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Girls Go Digital: Summer camps for young girls promote future tech careers

SHARE Girls Go Digital: Summer camps for young girls promote future tech careers

SALT LAKE CITY — Savannah Jo Patience says she wants to be an "imagineer."

"It's sort of like an engineer, except you work for Disney and you do the rides and stuff," the 11-year-old said as she watched the robotic ball she coded swerve around the room.

Savannah was one of 66 girls participating in a Girls Go Digital summer camp, hosted by Junior Achievement, 444 W. 100 South, on Monday and Tuesday to learn about computers, programming, technology and design.

Girls Go Digital is a program for girls age 8 to 18 that focusses on science, technology, engineering and math (STEM) education. The program applies four principles: hack, code, design and make.

Founder Rachel Ramsay created the program because of her desire for girls to break the stereotype that women have a lower ability to excel in the tech industry than men. She wants girls to have opportunities to become whatever they want to become.

Ramsay, 41, said she became interested in computer science and technology as a college student but was discouraged from becoming involved in it because she was a female. This didn't stop her from her love of technology and her desire for others to fulfill a similar love.

Ramsey encourages young girls to pursue computer science or technology, but most importantly, she wants girls to "feel good about what their capabilities" and remember that "anything's possible."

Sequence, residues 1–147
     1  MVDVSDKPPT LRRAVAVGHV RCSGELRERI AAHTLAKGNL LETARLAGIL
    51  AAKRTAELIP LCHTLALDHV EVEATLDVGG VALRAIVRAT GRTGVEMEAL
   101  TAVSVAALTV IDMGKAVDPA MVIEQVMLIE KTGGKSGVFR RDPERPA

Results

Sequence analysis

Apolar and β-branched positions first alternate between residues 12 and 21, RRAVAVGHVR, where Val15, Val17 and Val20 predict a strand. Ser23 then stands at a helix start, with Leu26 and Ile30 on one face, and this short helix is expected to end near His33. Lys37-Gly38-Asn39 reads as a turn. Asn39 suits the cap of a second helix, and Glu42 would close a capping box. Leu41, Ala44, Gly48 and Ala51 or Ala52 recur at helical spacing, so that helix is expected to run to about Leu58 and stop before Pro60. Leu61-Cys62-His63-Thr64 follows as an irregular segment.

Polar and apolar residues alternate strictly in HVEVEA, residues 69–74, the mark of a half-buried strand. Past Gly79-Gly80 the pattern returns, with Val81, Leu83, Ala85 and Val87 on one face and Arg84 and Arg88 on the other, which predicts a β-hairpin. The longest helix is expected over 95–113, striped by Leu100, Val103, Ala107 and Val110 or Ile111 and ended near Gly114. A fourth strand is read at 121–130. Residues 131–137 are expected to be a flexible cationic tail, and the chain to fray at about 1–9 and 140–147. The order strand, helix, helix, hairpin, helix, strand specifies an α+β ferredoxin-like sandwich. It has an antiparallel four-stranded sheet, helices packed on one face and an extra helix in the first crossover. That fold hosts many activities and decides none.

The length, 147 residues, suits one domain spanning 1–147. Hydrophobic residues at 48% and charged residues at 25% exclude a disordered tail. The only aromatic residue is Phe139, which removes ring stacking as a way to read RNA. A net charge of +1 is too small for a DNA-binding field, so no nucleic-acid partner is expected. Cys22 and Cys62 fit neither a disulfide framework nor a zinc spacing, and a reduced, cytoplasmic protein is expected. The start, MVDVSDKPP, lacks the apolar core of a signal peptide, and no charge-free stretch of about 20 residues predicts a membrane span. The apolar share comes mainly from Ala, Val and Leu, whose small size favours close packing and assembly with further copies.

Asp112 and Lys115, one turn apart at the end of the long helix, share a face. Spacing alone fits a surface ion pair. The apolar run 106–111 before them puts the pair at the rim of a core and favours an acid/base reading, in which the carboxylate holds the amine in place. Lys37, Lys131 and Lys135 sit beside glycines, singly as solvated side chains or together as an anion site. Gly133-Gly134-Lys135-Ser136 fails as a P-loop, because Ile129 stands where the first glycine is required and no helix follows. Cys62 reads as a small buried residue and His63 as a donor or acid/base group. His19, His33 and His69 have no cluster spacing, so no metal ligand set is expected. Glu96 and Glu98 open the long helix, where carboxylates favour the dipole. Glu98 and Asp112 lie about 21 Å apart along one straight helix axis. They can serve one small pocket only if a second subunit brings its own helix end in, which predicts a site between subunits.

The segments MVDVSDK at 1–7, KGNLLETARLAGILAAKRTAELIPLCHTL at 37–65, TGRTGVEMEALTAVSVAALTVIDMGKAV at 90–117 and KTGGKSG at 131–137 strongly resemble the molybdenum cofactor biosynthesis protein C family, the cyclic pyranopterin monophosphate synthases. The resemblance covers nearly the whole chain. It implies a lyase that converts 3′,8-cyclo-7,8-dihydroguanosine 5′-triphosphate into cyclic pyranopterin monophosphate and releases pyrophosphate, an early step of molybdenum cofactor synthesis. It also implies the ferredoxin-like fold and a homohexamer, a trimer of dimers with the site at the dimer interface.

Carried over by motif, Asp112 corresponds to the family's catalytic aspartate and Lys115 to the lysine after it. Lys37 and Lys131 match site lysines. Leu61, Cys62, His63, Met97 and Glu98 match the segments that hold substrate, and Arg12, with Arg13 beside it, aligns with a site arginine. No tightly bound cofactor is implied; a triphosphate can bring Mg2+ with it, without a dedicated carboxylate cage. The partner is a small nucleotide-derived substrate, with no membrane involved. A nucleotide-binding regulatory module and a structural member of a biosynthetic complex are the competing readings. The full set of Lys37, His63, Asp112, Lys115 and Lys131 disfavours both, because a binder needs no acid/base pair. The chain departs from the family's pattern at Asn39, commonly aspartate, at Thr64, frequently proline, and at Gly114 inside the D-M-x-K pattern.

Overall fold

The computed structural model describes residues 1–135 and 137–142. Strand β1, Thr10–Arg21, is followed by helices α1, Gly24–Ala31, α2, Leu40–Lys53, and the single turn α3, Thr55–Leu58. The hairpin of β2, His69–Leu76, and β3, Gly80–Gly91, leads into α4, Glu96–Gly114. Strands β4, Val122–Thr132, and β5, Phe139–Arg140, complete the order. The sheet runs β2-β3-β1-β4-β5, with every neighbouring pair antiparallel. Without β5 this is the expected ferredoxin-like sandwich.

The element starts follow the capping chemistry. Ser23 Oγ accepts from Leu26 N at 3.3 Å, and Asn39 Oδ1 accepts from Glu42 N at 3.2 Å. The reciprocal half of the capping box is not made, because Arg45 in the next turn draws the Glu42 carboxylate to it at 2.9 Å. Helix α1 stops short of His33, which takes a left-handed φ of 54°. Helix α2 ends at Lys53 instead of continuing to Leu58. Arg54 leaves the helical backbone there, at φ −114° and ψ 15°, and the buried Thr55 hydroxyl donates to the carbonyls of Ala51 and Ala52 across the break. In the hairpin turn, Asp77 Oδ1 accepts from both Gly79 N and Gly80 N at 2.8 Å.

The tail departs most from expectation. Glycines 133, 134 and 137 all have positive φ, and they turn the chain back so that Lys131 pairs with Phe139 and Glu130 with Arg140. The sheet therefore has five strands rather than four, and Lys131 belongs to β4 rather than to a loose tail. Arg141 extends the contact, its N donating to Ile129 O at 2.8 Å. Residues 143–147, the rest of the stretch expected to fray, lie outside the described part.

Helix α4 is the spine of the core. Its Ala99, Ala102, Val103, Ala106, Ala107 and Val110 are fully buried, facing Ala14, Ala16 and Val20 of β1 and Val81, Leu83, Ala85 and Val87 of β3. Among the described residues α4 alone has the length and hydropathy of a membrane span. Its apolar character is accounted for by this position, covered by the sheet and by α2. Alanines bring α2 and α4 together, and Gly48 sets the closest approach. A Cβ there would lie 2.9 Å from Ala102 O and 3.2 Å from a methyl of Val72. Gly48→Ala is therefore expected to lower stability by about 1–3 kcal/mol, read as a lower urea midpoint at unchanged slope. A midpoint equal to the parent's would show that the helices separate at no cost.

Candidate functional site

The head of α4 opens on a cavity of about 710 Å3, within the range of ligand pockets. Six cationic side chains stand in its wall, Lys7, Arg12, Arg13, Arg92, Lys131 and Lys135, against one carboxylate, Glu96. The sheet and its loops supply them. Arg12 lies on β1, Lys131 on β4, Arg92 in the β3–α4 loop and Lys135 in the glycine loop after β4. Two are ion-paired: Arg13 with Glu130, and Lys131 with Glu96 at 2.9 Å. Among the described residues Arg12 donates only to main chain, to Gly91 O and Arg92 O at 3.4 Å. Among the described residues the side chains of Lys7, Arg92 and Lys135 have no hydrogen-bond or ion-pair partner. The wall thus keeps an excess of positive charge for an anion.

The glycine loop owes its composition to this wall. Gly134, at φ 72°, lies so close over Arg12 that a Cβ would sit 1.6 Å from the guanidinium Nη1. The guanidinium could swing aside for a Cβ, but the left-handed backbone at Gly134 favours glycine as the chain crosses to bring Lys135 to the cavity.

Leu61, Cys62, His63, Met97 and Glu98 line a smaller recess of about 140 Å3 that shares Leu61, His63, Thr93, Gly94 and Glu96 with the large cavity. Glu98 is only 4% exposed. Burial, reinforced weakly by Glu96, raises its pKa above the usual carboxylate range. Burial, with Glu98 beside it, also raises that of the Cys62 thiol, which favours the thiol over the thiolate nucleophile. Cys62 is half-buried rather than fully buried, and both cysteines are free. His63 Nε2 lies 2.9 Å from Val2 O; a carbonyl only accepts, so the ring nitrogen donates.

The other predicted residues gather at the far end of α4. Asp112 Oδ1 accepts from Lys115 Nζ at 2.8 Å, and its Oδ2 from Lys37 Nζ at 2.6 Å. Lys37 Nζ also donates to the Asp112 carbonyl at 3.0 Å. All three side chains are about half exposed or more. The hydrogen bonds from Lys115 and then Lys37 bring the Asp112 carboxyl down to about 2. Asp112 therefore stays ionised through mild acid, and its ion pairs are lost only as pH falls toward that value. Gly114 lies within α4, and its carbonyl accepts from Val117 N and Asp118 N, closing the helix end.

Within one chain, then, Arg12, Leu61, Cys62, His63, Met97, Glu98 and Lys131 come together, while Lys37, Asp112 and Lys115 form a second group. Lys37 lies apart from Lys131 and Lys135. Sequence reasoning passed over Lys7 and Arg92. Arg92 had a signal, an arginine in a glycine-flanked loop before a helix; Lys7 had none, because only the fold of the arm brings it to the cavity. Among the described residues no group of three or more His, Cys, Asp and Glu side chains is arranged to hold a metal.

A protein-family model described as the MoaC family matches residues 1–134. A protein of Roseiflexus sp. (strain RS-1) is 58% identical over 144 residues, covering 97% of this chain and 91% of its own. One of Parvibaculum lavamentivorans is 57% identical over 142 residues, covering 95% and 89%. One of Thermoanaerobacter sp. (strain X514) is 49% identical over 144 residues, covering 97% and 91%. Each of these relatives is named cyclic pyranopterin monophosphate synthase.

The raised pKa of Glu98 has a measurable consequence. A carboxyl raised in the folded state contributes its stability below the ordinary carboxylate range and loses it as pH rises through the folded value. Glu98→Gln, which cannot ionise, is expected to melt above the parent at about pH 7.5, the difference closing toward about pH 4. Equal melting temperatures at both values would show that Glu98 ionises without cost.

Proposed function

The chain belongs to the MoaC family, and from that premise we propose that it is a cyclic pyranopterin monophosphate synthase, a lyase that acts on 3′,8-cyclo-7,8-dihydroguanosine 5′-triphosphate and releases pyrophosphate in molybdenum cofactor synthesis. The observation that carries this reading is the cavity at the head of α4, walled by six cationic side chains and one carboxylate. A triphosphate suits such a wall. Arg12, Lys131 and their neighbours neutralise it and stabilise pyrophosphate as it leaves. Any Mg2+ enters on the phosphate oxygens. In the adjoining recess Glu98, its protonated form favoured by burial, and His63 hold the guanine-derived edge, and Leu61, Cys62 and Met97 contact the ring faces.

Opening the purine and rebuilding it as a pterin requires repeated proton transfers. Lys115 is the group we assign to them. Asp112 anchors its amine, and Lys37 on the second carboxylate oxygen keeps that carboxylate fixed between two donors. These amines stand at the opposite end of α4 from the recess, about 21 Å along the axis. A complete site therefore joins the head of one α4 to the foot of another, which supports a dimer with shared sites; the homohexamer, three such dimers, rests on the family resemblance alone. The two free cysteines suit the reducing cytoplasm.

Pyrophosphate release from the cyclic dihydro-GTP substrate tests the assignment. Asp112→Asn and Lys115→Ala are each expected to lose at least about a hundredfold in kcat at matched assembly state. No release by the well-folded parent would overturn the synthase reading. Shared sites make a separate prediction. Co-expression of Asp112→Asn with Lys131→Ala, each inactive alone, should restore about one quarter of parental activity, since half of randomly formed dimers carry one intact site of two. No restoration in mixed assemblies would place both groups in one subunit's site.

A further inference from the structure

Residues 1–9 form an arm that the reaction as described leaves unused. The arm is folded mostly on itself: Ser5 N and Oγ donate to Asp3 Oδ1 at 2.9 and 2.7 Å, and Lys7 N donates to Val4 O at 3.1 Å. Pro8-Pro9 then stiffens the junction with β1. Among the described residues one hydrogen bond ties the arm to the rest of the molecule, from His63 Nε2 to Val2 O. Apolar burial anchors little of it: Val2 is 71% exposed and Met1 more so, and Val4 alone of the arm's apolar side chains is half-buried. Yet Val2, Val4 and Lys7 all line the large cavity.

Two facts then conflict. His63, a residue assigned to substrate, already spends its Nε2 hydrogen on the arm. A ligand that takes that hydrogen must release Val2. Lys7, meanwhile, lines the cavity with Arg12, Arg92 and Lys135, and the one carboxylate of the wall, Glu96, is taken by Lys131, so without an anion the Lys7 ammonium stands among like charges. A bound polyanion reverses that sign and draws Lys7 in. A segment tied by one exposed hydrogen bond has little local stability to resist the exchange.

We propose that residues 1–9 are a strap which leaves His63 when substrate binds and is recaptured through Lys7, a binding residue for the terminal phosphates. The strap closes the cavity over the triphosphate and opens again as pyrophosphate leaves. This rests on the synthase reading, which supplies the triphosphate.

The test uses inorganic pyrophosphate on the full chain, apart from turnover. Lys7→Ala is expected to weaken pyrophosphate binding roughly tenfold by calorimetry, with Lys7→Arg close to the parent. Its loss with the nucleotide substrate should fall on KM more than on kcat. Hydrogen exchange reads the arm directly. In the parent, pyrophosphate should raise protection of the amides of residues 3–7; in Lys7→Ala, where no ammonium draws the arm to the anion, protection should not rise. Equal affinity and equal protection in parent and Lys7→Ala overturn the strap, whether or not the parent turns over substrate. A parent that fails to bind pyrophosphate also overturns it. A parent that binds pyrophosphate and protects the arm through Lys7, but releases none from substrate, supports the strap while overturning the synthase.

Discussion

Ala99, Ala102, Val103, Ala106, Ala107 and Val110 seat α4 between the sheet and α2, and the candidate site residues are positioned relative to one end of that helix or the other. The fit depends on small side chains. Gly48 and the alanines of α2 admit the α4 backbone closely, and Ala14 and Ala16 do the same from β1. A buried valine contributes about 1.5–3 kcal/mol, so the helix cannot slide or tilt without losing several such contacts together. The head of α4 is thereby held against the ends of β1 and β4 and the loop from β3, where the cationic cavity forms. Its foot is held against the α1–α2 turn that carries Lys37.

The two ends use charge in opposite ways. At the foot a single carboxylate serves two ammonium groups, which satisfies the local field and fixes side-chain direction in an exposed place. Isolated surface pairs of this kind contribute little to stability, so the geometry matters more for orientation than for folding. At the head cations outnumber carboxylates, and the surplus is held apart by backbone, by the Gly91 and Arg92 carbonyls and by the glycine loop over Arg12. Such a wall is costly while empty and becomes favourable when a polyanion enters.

Since its launch in 2013, Girls Go Digital has jumped from reaching only six girls through workshops and camps, to 450 this summer.

Tuesday's workshop was one of five Utah camps this summer. Ramsay also visits states such as Pennsylvania and Rhode Island to perform workshops.

"There's such a gender gap. We want to give girls a leg up," she said.

Ramsay said she wants to expose girls to technology earlier in life so that by their late teen years they will have acquired skills and familiarity to push them to seek any career they want.

Ramsay hopes to denounce the "Western culture" idea that only boys can do hard things.

The girls-only classes allow the girls to see others like them succeeding in something similar, and not compare themselves to boys, according to Ramsay.

"It feels like you don't get judged here," Savannah said, "We're all girls, and boys don't judge you."

Isabel Blackburn, 9, of Bountiful, made a ballerina out of a battery and a small makeshift motor at the camp on Tuesday.

"I like how you put the wires together and that stuff," she said.

Isabel said she also liked building her own website because she feels like normally only "grown-ups" get to do that.

"I really like learning more about the internet because it helps me learn more about it so that I can feel more comfortable going on it," she said.

The camp is not like school, Isabel said, but instead "really fun because you get to create your own stuff."

Email: ahobbs@deseretnews.com